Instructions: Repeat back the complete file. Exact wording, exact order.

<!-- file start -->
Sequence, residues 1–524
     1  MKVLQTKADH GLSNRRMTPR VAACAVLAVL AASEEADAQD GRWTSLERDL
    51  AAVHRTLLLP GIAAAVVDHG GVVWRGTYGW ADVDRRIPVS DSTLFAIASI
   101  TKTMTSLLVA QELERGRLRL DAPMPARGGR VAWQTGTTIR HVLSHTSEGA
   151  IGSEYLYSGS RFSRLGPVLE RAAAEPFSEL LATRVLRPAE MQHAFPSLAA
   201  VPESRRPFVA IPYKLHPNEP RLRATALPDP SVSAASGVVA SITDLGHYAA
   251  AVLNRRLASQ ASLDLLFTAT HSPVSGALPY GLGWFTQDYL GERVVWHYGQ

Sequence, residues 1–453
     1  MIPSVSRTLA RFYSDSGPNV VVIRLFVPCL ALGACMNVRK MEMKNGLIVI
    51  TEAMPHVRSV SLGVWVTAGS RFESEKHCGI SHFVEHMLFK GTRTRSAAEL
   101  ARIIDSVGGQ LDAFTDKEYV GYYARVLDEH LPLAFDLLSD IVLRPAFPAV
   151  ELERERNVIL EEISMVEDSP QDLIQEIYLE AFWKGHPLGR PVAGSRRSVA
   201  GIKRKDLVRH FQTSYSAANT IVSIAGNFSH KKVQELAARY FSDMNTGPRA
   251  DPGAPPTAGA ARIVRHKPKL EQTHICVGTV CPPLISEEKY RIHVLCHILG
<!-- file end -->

Sequence, residues 1–524
     1  MKVLQTKADH GLSNRRMTPR VAACAVLAVL AASEEADAQD GRWTSLERDL
    51  AAVHRTLLLP GIAAAVVDHG GVVWRGTYGW ADVDRRIPVS DSTLFAIASI
   101  TKTMTSLLVA QELERGRLRL DAPMPARGGR VAWQTGTTIR HVLSHTSEGA
   151  IGSEYLYSGS RFSRLGPVLE RAAAEPFSEL LATRVLRPAE MQHAFPSLAA
   201  VPESRRPFVA IPYKLHPNEP RLRATALPDP SVSAASGVVA SITDLGHYAA
   251  AVLNRRLASQ ASLDLLFTAT HSPVSGALPY GLGWFTQDYL GERVVWHYGQ

Sequence, residues 1–453
     1  MIPSVSRTLA RFYSDSGPNV VVIRLFVPCL ALGACMNVRK MEMKNGLIVI
    51  TEAMPHVRSV SLGVWVTAGS RFESEKHCGI SHFVEHMLFK GTRTRSAAEL
   101  ARIIDSVGGQ LDAFTDKEYV GYYARVLDEH LPLAFDLLSD IVLRPAFPAV
   151  ELERERNVIL EEISMVEDSP QDLIQEIYLE AFWKGHPLGR PVAGSRRSVA
   201  GIKRKDLVRH FQTSYSAANT IVSIAGNFSH KKVQELAARY FSDMNTGPRA
   251  DPGAPPTAGA ARIVRHKPKL EQTHICVGTV CPPLISEEKY RIHVLCHILG